First, note that P(α,β)P(\alpha,\beta) does not contain θi\theta_i, so we can move it outside of the θi\theta_i integrals.

Next, since there are no factors containing two different θi\theta_i variables (go to explanation), we can rearrange the integrals and the products (the blue part) like this:

Note that we cannot always swap products and integrals.

Since the beta distribution is conjugate to the binomial, the blue integrals above can be evaluated analytically (much like we did for Model 1), to get

=00P(α,β)[i=161(si+fi+1)B(si+1,fi+1)B(α+si,β+fi)B(α,β)]dβdα = \int_0^{\infty}\int_0^{\infty} P(\alpha,\beta) \left[\prod_{i=1}^6 \frac{1}{(s_i+f_i+1)\,\text{B}(s_i+1,f_i+1)}\,\frac{\text{B}(\alpha+s_i, \beta+f_i)}{\text{B}(\alpha,\beta)}\right]\,\text{d}\beta\,\text{d}\alpha

Finally, move all the factors that do not depend on α\alpha or β\beta out of the integrals.

=[i=16(si+fi+1)B(si+1,fi+1)]100P(α,β)B(α,β)6i=16B(α+si,β+fi) dβdα = \left[\prod_{i=1}^6 (s_i+f_i+1)\,\text{B}(s_i+1,f_i+1) \right]^{-1} \int_0^{\infty}\int_0^{\infty} P(\alpha,\beta)\, \text{B}(\alpha,\beta)^{-6} \prod_{i=1}^6 \text{B}(\alpha+s_i, \beta+f_i)\ \text{d}\beta\,\text{d}\alpha

Unfortunately we cannot evaluate the remaining integrals analytically, so we resort to a numerical calculation.

Task 2:

  • Read up about the adaptIntegrate(f, lowerLimit, upperLimit) function in the cubature package — see the function documentation below.
  • How would you define a function ff so that adaptIntegrate(f, c(0, 0), c(Inf, Inf)) evaluates the 2-dimensional integral over α\alpha and β\beta above?
library(cubature)
?adaptIntegrate
adaptIntegrate {cubature}R Documentation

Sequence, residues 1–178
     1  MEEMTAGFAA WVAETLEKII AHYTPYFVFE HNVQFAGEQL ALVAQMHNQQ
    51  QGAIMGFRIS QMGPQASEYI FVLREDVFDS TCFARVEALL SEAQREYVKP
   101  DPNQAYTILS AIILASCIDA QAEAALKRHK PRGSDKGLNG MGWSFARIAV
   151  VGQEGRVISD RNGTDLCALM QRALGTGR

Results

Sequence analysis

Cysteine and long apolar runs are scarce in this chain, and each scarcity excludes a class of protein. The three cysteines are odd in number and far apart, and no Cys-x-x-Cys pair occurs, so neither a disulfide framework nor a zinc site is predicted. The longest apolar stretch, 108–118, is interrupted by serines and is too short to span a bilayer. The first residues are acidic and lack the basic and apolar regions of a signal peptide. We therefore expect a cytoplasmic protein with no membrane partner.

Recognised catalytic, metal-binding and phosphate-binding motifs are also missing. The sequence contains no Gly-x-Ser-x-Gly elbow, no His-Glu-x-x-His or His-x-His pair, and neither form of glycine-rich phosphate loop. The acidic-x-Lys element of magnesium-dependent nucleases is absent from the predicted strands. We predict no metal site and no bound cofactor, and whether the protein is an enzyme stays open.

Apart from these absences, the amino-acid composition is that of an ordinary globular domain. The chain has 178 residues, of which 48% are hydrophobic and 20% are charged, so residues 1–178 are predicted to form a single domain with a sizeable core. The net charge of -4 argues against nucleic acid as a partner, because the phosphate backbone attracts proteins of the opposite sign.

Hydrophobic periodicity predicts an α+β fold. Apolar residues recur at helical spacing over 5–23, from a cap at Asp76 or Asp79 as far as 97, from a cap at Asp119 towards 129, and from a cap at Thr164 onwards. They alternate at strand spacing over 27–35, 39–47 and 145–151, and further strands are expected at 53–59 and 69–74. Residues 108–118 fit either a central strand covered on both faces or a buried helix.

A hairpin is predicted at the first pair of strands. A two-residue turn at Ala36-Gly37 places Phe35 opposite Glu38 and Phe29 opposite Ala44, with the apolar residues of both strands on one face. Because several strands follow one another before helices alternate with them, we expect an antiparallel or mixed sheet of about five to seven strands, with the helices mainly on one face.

Adaptive multivariate integration over hypercubes

Description

The function performs adaptive multidimensional integration (cubature) of (possibly) vector-valued integrands over hypercubes.

Usage

adaptIntegrate(f, lowerLimit, upperLimit, ..., tol = 1e-05, fDim = 1,
               maxEval = 0, absError=0, doChecking=FALSE)

Arguments

f

The function (integrand) to be integrated

lowerLimit

The lower limit of integration, a vector for hypercubes

upperLimit

The upper limit of integration, a vector for hypercubes

...

All other arguments passed to the function f

tol

The maximum tolerance, default 1e-5.

fDim

The dimension of the integrand, default 1, bears no relation to the dimension of the hypercube

maxEval

The maximum number of function evaluations needed, default 0 implying no limit

absError

The maximum absolute error tolerated

doChecking

A flag to be a bit anal about checking inputs to C routines. A FALSE value results in approximately 9 percent speed gain in our experiments. Your mileage will of course vary. Default value is FALSE.

Details

The function merely calls Johnson's C code and returns the results. The original C code by Johnson was modified for use with R memory allocation functions and a helper function does the callback.

One can specify a maximum number of function evaluations (default is 0 for no limit). Otherwise, the integration stops when the estimated error is less than the absolute error requested, or when the estimated error is less than tol times the integral, in absolute value.

Value

The returned value is a list of three items:

integral